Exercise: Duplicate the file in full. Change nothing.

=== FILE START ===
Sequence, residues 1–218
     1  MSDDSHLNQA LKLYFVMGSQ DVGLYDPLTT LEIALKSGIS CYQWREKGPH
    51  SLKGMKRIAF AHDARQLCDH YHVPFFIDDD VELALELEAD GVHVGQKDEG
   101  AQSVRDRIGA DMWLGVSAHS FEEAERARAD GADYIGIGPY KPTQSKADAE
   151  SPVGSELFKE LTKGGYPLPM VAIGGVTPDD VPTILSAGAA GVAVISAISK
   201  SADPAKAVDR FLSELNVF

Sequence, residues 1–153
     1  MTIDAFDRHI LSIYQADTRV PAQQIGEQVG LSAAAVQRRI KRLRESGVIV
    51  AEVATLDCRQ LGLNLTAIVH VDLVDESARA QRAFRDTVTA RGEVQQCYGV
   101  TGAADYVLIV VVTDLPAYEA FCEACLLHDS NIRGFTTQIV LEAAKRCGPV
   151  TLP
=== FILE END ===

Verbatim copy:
Sequence, residues 1–218
     1  MSDDSHLNQA LKLYFVMGSQ DVGLYDPLTT LEIALKSGIS CYQWREKGPH
    51  SLKGMKRIAF AHDARQLCDH YHVPFFIDDD VELALELEAD GVHVGQKDEG
   101  AQSVRDRIGA DMWLGVSAHS FEEAERARAD GADYIGIGPY KPTQSKADAE
   151  SPVGSELFKE LTKGGYPLPM VAIGGVTPDD VPTILSAGAA GVAVISAISK
   201  SADPAKAVDR FLSELNVF

Sequence, residues 1–153
     1  MTIDAFDRHI LSIYQADTRV PAQQIGEQVG LSAAAVQRRI KRLRESGVIV
    51  AEVATLDCRQ LGLNLTAIVH VDLVDESARA QRAFRDTVTA RGEVQQCYGV
   101  TGAADYVLIV VVTDLPAYEA FCEACLLHDS NIRGFTTQIV LEAAKRCGPV
   151  TLP